Insurance News, Summer 2015
Michael Menapace Testifies as Expert Before U.S. Senate on Cyber Insurance Issues
The U.S. Senate Commerce Committee asked Michael Menapace to testify as an expert witness at a hearing called by the Subcommittee on Consumer Protection, Product Safety, Insurance and Data Security entitled, "Examining the Evolving Cyber Insurance Marketplace." The hearing took place on Thursday, March 19, 2015, at 10 a.m. A video recording of the hearing and Mr. Menapace's written testimony can be found on the Senate Commerce Committee's website.
The hearing explored the growing cybersecurity risk insurance market. As one of the four witnesses invited to the hearing, Mr. Menapace testified about the evolution of cyber insurance offered, as well as the challenges and opportunities in the insurance and non-insurance industries, and the impact insurance can have on data breach avoidance, mitigation and response.
During his testimony, Mr. Menapace advocated for a single federal standard for notifying victims of cybersecurity breaches rather than the current patchwork of state laws, noting that a single standard would "eliminate the time, expense and inconsistencies involved in the 47-state analysis for each breach and would provide uniform treatment of consumers." Mr. Menapace also testified that a nationwide database or clearinghouse for data breach information, including how each breach occurred and who was responsible for the breach, would be beneficial to both the insurance industry and non-insurance businesses.
Michael Thompson's article, An Exhausting Question for Insurers, was published in the Connecticut Law Tribune in February 2015.
Joe Grasso and Robyn Gallagher wrote "Two Small Words: One Great Divide", which was published in the September 2015 issue of The Insurance Coverage Law Bulletin.
Joe Grasso will be attending the annual conference of the International Union of Marine Insurance (IUMI) in Berlin, as a member of Salvage Forum.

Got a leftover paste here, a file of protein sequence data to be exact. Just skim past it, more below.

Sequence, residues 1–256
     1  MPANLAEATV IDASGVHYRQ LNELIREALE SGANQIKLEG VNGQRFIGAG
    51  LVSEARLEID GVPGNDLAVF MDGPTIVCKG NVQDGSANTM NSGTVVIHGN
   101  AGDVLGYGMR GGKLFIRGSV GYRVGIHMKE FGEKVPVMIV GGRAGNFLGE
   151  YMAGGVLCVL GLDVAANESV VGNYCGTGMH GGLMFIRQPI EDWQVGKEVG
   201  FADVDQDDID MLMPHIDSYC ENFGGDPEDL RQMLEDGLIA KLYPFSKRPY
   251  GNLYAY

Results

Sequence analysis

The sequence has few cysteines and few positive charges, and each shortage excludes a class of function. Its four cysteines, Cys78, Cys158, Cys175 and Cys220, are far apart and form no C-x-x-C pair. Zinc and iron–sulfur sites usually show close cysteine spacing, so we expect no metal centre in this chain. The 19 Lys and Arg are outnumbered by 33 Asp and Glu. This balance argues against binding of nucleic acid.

Michael Menapace will present a session at the 2015 Fall Conference for ARIAS-U.S. titled, "Engaging Technology to Further Arbitration Efficiency & Security."
Joe Grasso will be delivering a presentation on "Utmost Good Faith: Legislative Developments under UK Law and a US Perspective," at the Houston Marine Insurance Seminar on September 22, 2015.
Joe Grasso will be leading a panel on "Machinery Damage Claims" at the International Marine Claims Conference in Dublin on September 24, 2015. He will also be moderating a Panel on the "State of the Marine Insurance Industry in the U.S. and UK" during the fall meeting of the U.S. Maritime Law Association in Bermuda on October 23, 2015.
David Hall will present "Cyber Risks: Is the Marine Industry Prepared?" during the American Institute of Marine Underwriters' Marine Insurance Day Seminar on October 2, 2015.
Joe Grasso will be participating in a panel on "Cyber Liability Insurance – an Evolving Market" at the 28th Annual Conference of the Association of Insurance Compliance Professionals in New Orleans on October 12, 2015.
Michael Thompson will be attending the International Association of Claims Professionals' Fall Conference in Austin, Texas.
From the Courts
Third Circuit Holds that Punitive Damages Are Not Recoverable from Insurer
The U.S. Court of Appeals for the Third Circuit recently took up the issue of whether punitive damages awarded against an insured are recoverable in a coverage action against the insurer. The Court answered this question in the negative in Wolfe v. Allstate (June 12, 2015). We previously wrote about this case when the Pennsylvania Supreme Court decided a different question certified to it by the Third Circuit in 2014: whether a claim for bad faith by an insured against an insurer was assignable to a third party claimant. The Supreme Court answered that question in the affirmative.